A Happy-Sad Goodbye

Unfortunately, we’re used to saying goodbye to co-workers and friends.  We’ve been saying goodbye to people since before we left for Mexico.  It’s a repetitious theme for missionaries.  I guess we’ve learned that through experience.

One would think that missionaries would mainly say goodbye to friends and family when they leave for the mission field (a slight misnomer since the world is our mission field, not just a place overseas).  We expected that.

What we discovered after arriving on the mission field is that missionaries are constantly on the move.  God is working in different ways, in different places, in different lives.  We’re not called to a place but to serve a Person…and He may tell us to go Mexico today and to another country tomorrow.

Jerusalem, Judea, Samaria and the ends of the earth.  The apostle Paul, without airplanes, automobiles, buses, trains, motorized ships, motorcycles and scooters, bicycles, Segways, travel agents and even a mission board, ministered in more countries than I ever have and perhaps ever may in my lifetime.  Saying goodbye in the world of missions is not a new thing.

So, last Thursday, we said goodbye to Tim, Michelle, Kathryn, Samuel, Bethany, and Jenna O’Brien.  It wasn’t as difficult as some goodbyes.  It was not a hurried affair.  They’re not leaving for 2 months yet.  However, those are 2 busy months for all of us and last Thursday was the best time to give them a “despedida.”  We were glad that two families were able to come from further away than just our immediate team to join us in the formal goodbye event.

We managed to get a few pictures.  I think we were all having so much fun giving our “sad goodbyes” that we didn’t think to take a large group photo or even a family pic.  Nonetheless, we enjoyed a spacious meal from their favorite local Chinese restaurant, a delicious tres leches cake, and some fun and we hope meaningful gifts for all of them.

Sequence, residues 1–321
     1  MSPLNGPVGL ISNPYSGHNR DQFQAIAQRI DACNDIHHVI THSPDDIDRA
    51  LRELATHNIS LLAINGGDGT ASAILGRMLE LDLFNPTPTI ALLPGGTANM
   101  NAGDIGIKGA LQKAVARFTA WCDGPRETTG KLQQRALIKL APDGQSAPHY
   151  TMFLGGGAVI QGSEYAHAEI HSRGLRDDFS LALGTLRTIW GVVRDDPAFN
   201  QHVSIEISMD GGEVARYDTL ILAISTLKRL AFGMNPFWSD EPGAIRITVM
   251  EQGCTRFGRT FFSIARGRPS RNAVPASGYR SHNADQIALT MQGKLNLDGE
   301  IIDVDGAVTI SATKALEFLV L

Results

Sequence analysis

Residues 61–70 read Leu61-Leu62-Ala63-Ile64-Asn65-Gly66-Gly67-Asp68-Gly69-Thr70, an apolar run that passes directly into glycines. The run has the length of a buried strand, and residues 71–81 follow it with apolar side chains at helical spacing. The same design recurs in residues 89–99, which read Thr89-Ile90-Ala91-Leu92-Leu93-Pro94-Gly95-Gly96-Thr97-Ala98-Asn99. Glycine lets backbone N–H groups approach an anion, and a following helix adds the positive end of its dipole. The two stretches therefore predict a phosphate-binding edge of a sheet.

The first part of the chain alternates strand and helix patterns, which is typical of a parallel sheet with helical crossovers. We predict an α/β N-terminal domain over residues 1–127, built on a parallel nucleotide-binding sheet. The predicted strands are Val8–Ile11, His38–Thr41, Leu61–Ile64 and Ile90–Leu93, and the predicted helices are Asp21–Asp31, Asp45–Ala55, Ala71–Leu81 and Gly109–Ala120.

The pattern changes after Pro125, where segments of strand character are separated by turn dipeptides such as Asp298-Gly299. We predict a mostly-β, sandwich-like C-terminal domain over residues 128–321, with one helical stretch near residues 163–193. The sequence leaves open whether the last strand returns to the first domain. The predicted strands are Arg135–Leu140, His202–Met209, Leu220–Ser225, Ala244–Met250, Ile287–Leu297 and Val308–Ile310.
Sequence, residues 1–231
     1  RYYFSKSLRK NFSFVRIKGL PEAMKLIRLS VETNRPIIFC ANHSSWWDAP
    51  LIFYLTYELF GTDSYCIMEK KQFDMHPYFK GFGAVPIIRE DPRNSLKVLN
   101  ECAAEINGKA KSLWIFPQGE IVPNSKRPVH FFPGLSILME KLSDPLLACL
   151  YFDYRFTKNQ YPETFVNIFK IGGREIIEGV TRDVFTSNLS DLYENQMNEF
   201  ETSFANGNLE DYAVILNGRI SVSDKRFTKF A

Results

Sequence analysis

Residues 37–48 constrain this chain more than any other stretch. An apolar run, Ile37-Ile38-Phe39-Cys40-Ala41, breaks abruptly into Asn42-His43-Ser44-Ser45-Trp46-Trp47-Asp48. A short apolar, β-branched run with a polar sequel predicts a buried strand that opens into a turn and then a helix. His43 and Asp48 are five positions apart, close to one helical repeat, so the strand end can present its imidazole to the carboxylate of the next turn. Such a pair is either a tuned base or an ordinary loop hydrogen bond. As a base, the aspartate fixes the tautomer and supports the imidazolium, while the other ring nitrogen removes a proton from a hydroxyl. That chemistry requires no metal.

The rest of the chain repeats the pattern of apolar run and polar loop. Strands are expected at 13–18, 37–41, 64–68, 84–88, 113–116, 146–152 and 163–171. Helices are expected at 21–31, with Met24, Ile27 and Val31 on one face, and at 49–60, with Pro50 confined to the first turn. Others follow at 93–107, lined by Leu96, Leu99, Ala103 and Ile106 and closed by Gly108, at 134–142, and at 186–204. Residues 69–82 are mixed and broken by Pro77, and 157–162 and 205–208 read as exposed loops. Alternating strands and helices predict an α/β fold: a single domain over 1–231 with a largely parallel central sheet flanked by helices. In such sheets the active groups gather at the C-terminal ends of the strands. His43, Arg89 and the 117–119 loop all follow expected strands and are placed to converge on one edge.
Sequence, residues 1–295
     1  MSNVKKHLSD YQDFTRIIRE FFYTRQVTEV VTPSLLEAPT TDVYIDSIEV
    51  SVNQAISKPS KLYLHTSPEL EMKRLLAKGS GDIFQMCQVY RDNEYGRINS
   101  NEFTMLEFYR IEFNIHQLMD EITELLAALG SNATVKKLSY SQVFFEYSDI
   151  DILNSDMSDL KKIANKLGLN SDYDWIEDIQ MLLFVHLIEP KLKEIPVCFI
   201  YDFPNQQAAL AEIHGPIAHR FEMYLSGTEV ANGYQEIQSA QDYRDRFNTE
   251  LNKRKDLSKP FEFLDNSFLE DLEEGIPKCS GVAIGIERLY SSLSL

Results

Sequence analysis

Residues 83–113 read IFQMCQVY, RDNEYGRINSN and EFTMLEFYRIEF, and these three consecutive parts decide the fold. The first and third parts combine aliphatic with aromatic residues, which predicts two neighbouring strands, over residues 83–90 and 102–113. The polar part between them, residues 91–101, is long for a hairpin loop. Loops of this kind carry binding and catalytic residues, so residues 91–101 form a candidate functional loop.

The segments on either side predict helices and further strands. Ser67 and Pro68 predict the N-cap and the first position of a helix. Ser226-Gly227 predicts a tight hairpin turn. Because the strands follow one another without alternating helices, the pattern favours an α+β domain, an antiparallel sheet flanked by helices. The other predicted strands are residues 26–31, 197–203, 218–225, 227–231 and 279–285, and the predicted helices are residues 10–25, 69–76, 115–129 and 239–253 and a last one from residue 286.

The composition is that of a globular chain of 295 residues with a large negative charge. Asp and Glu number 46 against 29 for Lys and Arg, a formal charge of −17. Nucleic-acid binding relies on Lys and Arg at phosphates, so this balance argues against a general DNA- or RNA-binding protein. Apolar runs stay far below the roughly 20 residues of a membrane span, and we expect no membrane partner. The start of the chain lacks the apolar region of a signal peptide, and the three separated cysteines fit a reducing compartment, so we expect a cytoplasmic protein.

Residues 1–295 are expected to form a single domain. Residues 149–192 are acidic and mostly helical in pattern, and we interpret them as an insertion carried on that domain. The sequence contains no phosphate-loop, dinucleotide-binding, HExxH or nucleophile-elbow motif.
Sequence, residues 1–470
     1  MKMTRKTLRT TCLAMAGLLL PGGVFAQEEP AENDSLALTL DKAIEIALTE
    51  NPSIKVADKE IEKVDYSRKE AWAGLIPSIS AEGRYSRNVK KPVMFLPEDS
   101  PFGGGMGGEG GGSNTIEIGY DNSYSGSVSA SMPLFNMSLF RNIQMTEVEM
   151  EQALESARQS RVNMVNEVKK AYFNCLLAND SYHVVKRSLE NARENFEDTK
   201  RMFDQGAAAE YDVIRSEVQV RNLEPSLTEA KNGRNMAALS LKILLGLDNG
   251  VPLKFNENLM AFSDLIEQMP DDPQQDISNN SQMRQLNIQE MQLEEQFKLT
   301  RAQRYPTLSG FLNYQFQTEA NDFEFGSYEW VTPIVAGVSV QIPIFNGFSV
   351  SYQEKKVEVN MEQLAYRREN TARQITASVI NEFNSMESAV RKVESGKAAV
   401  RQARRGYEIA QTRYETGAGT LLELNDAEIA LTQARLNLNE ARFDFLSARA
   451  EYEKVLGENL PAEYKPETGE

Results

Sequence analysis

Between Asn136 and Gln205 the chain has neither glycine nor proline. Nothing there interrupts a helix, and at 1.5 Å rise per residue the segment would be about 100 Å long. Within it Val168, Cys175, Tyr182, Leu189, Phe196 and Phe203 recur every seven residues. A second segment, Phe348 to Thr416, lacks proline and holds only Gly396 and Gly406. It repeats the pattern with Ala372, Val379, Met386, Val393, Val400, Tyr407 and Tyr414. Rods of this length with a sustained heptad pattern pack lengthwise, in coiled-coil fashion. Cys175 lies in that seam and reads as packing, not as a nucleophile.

We’ll miss you, O’Briens, and we know the Lord has a new and fresh step for you before a new set of goodbyes somewhere down the road.  It’s inevitable.  We all take comfort in knowing that as family in God’s family, we never really say goodbye.  We’ve got far more timeless together in our future!

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About alanbeth

What’s up? or rather, ¿Qué pasa? Hola, I’m Alan. I’m a missionary living in Mexico. We have a heart for MK Education and so we teach at a local Christian school with MK students as well as nationals and foreign students as well. I occasionally write or have a pic to share with you at my blog, Knowing Your ABCDs, which you can read with a click on the button above. You can read my blog with a click on the button above.
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2 Responses to A Happy-Sad Goodbye

  1. krislivo1 says:

    You hit it right on the head about having “far more time together in the future”! Seems there’s been a rash of posts from missionary parents apologizing to their children for the life they are giving them. The central theme is that by choosing missions they force their children to say good bye to friends and family. The whole idea never sat right with me. And this is why! We don’t REALLY say goodbye, do we?
    Great pictures – glad it was a fun despedida!


    • alanbeth says:

      Thank-you for the excellent observation. I totally agree. I think another issue at-hand has to do with clinical depression. I know that sounds like an off-the-wall addition to the comment. However, missionaries go through a lot of difficult things. Some of those things just about break us emotionally. In some cases, they do break us emotionally. I think, at least in some cases, that missionaries who feel as you’ve pointed out, could very well be speaking from a perspective influenced by depression. If I’m hitting this one on the head too, then I would say that a depressed emotional state will cause parents to feel that since being a missionary has caused them to feel negatively about their life (in at least some aspect), that they’re coloring that outlook for their children and thinking that their children too are suffering from their decision to be a missionary. Another response from such a depressed state might be to overemphasize the amount of fulfillment they sense or think that their children must have in order to overcome this feeling of inadequate life-experience for their children. This sometimes results in an overcompensation by making sure their children experience everything they possibly can to make up for the “negatives” of being children of missionaries. I could be off-base, but I’m trying to piece this together from personal observation and thoughts on the topic. I’m not a psychologist or even a psychic but that’s my 2 cents…maybe 3 cents…worth (or -less).


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